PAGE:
You could argue that this could have been worse, in that the authors could have descended into some hellish argument in favor of shoving mothers back out of work in favor of reinstating a family wage and/or getting rid of reproductive choices so women have more kids whether they want them or not. But I wouldn’t have bought _that_ book.

Next time, I won’t buy this book, either.

There are many interesting observations in this thin book, and occasionally a careful bit of analysis. But the real program with demography is that it attempts to figure out how to get women to have more babies, without actually involving them in the process. Which is only one step removed from straightforward oppression. One step is good; more would be better.

Policy makers have a nasty habit of thinking of jobs as a way to distribute resources (which they are), rather than as artifacts of people who have more useful and effective ideas about making shit people want to pay money for than time/energy/hands/etc. Jobs are both, in our hybrid society, but if we forget their side-effect nature and load them up with stuff designed to move resources around to people who need them, you can cause the people with the ideas to make different economic decisions that result in fewer jobs (more automation, for example, even when their is available labor). If make jobs, you run some other risks which are real but tend to sound like right wing talking points: you can wipe out market sectors by providing government subsidized competitors and that’s really bad if, for example, the government program is then eliminated and now no one is providing the service -- or if the government funded program, while “cheaper” to the paying customer, is not providing what the customer wanted and so forth. This should in no way be construed as an argument _against_ redistribution of resources to those in need, who can make excellent use of them, only an observation that there are a lot of really stupid programs out there and we could probably do better.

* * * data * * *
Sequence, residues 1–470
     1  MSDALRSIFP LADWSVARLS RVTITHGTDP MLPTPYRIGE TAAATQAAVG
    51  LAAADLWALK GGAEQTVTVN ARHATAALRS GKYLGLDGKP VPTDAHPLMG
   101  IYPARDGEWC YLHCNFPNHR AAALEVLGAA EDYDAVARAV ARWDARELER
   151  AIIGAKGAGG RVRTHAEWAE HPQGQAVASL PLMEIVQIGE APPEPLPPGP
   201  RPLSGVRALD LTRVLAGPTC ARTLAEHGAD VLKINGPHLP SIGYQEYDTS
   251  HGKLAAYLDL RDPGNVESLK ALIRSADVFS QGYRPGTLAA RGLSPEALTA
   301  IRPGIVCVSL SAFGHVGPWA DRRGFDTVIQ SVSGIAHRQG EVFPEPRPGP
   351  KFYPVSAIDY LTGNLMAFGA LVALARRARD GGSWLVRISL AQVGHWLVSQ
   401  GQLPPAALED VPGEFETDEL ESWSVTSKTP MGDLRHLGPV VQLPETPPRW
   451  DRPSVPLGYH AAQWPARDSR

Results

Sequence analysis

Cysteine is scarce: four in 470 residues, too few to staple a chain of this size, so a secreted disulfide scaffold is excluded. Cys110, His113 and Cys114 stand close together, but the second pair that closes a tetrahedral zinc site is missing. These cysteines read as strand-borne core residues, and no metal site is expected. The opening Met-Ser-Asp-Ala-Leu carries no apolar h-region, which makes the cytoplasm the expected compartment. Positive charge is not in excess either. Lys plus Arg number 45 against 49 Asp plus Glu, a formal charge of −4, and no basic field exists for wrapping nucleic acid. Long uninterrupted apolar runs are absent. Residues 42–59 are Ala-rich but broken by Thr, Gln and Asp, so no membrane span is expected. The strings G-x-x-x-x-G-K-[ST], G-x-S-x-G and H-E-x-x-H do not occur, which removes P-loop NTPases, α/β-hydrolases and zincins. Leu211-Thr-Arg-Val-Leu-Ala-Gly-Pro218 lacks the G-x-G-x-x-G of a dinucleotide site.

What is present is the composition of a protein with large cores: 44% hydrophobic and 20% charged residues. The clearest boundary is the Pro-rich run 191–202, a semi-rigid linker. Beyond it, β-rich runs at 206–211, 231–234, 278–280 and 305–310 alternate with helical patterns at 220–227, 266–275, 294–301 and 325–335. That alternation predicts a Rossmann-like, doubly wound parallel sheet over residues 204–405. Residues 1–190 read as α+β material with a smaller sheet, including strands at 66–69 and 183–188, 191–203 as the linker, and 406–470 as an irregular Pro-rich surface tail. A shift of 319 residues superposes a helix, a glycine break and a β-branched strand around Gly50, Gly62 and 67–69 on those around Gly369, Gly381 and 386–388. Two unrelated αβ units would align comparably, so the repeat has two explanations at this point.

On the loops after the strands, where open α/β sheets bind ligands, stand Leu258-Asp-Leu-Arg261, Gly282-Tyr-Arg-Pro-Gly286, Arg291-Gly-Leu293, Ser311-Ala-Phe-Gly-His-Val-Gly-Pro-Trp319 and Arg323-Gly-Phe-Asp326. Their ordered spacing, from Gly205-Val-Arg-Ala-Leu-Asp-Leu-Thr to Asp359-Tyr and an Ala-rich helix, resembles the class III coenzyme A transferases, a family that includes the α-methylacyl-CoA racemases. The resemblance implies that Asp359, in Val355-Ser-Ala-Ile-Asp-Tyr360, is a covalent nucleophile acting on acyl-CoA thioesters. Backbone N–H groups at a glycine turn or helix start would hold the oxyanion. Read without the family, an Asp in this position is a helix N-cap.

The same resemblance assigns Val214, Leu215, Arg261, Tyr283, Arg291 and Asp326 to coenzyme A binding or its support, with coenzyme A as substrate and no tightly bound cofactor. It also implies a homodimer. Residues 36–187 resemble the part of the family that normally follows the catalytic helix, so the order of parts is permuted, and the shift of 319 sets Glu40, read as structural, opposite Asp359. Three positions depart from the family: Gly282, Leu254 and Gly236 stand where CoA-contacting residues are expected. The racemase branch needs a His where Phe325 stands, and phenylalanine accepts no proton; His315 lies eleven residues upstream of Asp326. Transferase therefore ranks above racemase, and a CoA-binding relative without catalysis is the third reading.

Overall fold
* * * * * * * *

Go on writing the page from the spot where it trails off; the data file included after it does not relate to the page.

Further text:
Especially if we listen to the customers, which in a demographic, encourage a higher TFR sense, would, presumably _include women_.